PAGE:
Ireland’s stocks of foreign financial assets stood at €2,544bn at the end of June 2011 - down €15bn from the end-March level. The corresponding stocks of foreign financial liabilities (€2,679bn) decreased by €35bn in the same period. As a result Irish residents had an overall net foreign liability of €134bn at 30th June 2011 (see table 1a).

Monetary financial institutions (MFIs), which consist of credit institutions and money market funds, had foreign assets of €839bn at the end of June 2011 - down €29bn from the end of the previous quarter. Over the same period their foreign liabilities decreased by €27bn to €785bn (see table 2).

Other financial intermediaries (OFIs) which largely consist of investment funds, insurance companies and pension funds, asset finance companies and treasuries, had assets and liabilities of €1,439bn and €1,362bn, respectively at the end of Q2 2011. The corresponding net asset position of €77bn was up €26bn on the previous quarter. This increase was driven largely by a re-classification of certain Investment fund liabilities from non-domestic to domestic.

The foreign assets of General Government (which includes the NPRF) fell from €10.2bn to €4.6bn in the quarter while liabilities increased from €95.1bn to €98.3bn in the same period.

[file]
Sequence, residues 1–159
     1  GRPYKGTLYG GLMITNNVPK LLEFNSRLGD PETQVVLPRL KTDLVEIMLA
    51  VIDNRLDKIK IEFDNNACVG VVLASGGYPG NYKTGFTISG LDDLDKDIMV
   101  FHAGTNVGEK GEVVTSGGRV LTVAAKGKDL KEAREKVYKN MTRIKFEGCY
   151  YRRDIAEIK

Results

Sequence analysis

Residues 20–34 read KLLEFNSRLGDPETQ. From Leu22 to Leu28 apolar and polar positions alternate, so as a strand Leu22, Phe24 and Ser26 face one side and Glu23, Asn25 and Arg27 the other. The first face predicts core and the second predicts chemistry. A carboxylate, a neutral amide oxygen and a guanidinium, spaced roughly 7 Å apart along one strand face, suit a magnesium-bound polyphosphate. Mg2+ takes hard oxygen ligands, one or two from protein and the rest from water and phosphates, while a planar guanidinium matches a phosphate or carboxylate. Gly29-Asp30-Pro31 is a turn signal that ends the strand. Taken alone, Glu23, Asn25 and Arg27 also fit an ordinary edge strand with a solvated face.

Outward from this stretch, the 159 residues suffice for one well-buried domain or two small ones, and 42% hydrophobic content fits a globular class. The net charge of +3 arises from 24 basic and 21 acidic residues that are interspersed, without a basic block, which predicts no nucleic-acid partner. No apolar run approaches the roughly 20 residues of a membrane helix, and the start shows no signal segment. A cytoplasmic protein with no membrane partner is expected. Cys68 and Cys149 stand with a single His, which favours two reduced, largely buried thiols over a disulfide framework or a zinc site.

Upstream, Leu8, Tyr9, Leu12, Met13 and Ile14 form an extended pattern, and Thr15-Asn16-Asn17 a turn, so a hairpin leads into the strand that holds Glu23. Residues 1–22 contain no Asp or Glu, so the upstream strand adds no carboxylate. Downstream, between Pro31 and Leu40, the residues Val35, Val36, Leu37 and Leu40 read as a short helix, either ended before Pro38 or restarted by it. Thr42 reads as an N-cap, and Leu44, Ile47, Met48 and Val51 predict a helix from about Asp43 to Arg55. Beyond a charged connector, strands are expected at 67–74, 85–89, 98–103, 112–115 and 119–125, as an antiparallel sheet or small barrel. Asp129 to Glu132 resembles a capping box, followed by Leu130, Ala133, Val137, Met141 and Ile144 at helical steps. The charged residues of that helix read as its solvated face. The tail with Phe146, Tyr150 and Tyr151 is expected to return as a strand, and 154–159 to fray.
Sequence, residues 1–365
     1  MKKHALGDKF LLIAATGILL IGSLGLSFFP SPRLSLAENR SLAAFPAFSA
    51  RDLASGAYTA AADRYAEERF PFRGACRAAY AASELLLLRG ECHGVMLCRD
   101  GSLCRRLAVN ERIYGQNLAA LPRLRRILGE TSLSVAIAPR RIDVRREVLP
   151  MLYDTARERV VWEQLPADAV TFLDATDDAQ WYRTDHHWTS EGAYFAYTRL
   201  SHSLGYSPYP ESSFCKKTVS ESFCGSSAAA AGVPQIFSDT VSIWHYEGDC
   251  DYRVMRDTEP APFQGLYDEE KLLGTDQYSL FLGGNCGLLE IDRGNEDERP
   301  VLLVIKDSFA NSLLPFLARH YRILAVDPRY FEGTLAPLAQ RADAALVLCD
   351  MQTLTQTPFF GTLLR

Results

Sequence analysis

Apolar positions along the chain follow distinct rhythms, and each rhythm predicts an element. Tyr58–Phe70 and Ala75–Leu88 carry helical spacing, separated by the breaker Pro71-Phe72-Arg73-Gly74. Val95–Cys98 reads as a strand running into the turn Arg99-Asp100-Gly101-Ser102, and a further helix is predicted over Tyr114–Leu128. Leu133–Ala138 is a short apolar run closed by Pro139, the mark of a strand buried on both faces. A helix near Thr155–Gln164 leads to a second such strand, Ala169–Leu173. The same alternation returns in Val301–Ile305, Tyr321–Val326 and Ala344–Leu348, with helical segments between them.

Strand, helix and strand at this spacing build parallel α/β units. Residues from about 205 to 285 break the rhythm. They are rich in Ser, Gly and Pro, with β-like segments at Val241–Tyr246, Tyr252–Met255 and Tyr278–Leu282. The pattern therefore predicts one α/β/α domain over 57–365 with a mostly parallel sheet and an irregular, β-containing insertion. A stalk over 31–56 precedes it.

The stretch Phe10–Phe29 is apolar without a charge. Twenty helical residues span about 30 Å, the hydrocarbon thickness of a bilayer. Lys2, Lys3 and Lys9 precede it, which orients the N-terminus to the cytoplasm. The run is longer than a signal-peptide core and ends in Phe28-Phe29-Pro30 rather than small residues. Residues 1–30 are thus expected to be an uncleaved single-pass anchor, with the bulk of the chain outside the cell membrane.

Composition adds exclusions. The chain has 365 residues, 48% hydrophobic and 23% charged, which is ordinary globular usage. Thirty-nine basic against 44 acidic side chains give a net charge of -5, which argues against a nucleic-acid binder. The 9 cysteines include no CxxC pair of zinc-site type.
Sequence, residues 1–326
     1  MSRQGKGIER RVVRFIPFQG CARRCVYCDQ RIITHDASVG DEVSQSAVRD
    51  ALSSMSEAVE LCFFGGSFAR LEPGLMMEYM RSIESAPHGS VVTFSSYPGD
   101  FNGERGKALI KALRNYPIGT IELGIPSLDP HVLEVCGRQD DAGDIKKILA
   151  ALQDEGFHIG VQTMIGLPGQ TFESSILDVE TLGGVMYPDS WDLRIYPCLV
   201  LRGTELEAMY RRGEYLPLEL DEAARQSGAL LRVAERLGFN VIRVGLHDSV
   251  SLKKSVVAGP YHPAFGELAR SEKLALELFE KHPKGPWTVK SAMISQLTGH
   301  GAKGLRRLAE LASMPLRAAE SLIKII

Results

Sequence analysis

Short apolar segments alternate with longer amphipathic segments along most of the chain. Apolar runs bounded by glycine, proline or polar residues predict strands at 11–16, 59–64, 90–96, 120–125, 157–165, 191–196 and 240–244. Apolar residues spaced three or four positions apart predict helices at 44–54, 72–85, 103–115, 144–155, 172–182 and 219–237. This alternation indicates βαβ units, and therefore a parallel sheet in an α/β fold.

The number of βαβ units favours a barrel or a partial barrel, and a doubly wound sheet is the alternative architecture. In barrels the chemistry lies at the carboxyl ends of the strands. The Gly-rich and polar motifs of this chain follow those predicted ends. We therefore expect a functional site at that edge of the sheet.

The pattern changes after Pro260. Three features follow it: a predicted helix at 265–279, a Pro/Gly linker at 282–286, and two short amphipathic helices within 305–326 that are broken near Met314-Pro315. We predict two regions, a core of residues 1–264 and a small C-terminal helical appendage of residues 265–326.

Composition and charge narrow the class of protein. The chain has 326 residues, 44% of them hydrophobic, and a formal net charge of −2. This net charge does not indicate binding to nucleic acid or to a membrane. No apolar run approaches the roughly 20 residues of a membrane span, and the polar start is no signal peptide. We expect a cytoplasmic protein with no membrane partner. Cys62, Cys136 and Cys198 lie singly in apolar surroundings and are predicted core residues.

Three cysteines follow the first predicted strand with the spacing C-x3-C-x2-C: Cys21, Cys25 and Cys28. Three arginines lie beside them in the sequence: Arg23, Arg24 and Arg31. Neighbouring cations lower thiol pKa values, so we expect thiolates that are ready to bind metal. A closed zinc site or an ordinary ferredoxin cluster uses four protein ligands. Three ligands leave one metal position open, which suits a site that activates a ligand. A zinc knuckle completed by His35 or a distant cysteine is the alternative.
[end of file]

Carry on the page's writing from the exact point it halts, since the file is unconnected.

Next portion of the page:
IFSC enterprises accounted for a very high proportion of the overall foreign assets and liabilities within the commercial financial sector (i.e. MFIs and OFIs). At the end of June 2011, IFSC assets abroad amounted to €2,039bn or 89 per cent of the commercial financial sector’s foreign assets (and over 80 per cent of Ireland’s total foreign assets); IFSC liabilities at €2,008bn represented almost 94 per cent of the commercial financial sector aggregate (and almost 75 per cent of Ireland’s total foreign liabilities). IFSC enterprises therefore showed a net asset position at the end of June 2011 of €32bn.

Non-IFSC commercial financial enterprises accounted for €239bn or 9% of total foreign assets; corresponding liabilities amounted to €139bn or 5% of total foreign liabilities - see table 2.
http://www.cso.ie/en/media/csoie/rel...une%202011.pdf

IFSC enterprises accounted for 75% of Ireland's total foreign liabilities. So figures like the one in the Top 10 list, claiming debt per person in Ireland is c. €440k, really are entirely meaningless.